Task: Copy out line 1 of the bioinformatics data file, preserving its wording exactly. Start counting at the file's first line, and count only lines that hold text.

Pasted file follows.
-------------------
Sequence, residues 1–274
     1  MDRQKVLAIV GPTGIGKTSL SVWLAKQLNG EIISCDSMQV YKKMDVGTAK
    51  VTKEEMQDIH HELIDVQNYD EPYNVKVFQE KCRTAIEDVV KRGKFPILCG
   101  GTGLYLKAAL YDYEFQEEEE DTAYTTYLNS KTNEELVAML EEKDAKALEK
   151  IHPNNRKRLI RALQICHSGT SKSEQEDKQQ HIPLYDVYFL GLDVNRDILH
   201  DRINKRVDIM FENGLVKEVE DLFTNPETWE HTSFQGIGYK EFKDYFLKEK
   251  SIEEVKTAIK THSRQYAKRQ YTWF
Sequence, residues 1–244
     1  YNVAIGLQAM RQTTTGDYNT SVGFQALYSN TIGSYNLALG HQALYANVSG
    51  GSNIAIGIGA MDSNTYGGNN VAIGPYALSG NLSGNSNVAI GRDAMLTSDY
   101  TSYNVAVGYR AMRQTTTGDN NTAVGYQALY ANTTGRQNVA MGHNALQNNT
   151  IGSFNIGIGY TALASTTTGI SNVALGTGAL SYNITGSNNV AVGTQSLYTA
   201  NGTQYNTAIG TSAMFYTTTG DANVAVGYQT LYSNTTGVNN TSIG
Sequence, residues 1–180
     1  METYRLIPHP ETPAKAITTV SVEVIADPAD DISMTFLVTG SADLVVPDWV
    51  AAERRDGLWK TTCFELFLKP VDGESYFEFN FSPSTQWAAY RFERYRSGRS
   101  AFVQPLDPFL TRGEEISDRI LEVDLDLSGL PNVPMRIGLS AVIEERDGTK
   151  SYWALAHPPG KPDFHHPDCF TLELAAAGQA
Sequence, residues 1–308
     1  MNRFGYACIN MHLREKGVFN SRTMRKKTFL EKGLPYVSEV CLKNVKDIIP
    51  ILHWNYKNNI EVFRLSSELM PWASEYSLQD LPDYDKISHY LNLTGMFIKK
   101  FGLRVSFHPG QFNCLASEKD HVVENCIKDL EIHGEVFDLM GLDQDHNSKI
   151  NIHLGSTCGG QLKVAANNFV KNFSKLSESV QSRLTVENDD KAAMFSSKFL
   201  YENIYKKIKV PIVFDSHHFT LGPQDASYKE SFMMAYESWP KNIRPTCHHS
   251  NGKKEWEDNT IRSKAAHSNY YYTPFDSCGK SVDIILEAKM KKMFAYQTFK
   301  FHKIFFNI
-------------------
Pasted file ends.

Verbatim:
Sequence, residues 1–274